Screened/Mcr are back with another evening of silent cinema, and this time they’re showing one of Buster Keaton’s most charming feature films with a live accompaniment by pianist Dairius Battiwalla. As with all of Screened/Mcr’s events, there will be an introductory talk – this time by author and lecturer Keith Withall, who will provide an brief introduction to silent cinema before taking an in depth look at the main event, Keaton’s Sherlock Jr.
The film stars Keaton – who also directs – as a inept, lovesick projectionist who falls asleep only to dream his way through the cinema screen and into a role as the titular detective. For a film approaching its hundredth birthday, the playful self-reflexivity is astonishing. Keaton is completely plugged into the purposes and possibilities of cinema – which audience member doesn’t imagine themselves the hero of the movie? – but he also knows how to thrill a crowd. Indeed, Sherlock Jr.’s conceptual dexterity is only outdone by the nimble star’s physical prowess.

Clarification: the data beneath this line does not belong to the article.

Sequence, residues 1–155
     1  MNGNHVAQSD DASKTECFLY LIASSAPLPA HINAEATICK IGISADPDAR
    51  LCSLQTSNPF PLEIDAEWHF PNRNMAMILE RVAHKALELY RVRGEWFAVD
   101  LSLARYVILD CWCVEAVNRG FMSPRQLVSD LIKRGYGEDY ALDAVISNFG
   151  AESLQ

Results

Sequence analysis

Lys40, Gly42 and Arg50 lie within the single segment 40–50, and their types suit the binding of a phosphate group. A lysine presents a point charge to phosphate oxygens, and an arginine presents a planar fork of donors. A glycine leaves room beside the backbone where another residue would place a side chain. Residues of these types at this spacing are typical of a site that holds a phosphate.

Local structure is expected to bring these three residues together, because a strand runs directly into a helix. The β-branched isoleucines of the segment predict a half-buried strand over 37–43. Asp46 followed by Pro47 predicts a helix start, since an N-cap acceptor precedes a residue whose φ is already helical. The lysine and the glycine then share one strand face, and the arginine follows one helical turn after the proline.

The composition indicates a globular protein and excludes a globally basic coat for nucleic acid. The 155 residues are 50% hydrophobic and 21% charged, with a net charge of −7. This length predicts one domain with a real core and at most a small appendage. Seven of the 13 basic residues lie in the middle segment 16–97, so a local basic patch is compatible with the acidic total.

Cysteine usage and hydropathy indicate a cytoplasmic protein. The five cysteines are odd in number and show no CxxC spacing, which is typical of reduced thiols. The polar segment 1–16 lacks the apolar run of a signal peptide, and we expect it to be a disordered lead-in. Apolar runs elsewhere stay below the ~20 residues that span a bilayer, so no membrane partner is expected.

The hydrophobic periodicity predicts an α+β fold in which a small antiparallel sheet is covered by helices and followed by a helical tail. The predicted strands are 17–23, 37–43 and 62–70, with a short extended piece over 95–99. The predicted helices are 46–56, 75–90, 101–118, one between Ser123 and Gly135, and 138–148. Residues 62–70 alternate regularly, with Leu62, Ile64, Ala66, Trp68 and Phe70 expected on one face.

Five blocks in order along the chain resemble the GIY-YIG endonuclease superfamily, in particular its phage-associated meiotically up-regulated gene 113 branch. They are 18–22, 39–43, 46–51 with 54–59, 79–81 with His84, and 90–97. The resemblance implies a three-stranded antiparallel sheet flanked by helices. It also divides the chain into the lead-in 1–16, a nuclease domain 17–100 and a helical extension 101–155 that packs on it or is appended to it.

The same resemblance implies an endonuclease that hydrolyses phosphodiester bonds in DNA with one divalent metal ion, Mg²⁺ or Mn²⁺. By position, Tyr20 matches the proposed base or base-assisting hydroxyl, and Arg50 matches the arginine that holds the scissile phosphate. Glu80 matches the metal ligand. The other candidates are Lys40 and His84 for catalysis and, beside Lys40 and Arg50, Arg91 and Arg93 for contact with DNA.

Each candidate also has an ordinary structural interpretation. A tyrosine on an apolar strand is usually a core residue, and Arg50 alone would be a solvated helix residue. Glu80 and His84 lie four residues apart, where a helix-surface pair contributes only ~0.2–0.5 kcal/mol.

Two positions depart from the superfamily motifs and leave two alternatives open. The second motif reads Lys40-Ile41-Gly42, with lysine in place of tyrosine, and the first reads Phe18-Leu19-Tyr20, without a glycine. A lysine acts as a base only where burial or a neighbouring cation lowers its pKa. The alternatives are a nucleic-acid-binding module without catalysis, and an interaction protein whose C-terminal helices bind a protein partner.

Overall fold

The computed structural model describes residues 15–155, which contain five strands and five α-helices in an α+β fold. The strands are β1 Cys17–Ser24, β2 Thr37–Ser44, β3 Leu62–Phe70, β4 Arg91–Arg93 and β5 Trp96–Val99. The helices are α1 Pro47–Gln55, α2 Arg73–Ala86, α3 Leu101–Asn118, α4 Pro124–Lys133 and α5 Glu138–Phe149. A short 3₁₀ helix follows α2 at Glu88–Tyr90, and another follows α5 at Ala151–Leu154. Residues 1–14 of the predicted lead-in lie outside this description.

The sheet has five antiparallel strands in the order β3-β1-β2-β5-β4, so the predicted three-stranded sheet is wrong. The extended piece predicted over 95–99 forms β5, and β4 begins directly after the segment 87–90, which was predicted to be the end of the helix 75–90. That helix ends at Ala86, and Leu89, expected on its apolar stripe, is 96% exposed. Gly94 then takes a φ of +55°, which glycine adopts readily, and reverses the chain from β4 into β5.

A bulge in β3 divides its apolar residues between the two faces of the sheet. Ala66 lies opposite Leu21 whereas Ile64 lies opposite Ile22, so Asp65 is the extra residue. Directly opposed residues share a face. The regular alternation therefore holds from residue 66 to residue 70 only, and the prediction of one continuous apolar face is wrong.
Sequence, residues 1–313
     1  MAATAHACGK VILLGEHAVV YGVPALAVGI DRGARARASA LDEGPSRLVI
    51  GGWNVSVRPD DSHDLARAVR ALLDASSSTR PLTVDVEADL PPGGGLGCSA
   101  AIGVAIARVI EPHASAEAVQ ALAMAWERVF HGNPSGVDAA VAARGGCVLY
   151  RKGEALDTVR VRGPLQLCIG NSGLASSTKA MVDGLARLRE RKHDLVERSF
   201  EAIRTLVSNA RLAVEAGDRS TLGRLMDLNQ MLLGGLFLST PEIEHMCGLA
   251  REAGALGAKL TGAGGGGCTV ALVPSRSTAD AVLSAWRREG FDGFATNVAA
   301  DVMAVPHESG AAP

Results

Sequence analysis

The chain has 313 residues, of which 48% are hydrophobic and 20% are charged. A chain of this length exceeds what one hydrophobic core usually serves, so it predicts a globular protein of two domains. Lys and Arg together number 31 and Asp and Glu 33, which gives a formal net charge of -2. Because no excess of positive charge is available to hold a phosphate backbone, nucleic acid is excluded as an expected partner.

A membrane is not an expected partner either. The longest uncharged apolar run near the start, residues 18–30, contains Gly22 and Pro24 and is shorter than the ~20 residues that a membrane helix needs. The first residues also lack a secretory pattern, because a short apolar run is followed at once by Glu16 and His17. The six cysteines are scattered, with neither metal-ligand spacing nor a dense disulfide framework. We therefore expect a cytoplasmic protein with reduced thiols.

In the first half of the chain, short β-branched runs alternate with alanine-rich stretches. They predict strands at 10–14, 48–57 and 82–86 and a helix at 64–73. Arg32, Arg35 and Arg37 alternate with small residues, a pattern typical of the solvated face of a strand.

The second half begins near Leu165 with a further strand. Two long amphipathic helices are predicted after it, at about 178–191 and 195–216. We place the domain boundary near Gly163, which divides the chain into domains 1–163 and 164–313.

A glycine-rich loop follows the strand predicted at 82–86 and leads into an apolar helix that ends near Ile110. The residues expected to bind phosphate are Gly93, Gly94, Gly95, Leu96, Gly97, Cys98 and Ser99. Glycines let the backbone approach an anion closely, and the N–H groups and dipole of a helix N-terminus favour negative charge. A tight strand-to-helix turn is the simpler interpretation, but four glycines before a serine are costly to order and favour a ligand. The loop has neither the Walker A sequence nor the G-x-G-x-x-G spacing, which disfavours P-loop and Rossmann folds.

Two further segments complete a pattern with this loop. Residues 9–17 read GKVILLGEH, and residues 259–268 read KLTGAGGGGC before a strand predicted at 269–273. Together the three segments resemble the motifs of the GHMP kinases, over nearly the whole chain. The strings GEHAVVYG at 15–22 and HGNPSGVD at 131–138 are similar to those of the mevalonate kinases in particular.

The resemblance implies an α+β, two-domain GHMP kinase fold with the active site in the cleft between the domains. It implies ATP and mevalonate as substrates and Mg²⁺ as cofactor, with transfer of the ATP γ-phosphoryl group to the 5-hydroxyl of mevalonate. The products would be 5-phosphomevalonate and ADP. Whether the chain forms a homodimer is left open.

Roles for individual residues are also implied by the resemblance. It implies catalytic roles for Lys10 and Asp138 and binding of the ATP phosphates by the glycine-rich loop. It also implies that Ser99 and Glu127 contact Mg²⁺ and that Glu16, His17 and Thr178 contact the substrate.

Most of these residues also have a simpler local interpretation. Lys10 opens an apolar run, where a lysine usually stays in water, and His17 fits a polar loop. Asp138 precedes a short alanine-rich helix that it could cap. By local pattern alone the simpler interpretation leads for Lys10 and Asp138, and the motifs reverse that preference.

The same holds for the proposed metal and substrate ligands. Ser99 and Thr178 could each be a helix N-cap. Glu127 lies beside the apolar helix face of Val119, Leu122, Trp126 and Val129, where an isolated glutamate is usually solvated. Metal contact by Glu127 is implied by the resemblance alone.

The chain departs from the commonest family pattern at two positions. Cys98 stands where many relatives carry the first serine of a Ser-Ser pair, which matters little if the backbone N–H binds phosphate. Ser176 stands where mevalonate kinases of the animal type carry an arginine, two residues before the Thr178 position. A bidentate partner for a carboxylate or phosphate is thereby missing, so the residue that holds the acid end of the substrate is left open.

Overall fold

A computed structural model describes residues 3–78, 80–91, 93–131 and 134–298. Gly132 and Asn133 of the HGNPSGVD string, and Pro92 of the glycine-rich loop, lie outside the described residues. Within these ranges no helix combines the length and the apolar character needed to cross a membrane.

Keaton had grown up being chucked around in the family vaudeville show and boy, does he know how to bounce, fall and roll. There are gags aplenty as the film throws the great stone-faced comedian through a series of physical trials and tribulations, up buildings and down, as his character’s dreamed movie detective works to foil a villain — played by the same actor who acts as Keaton’s dishonest love-rival in the film’s non-dream bookends. Sweet, smart and relentlessly entertaining, Sherlock Jr. should prove a treat for silent movie buffs and curious film fans alike.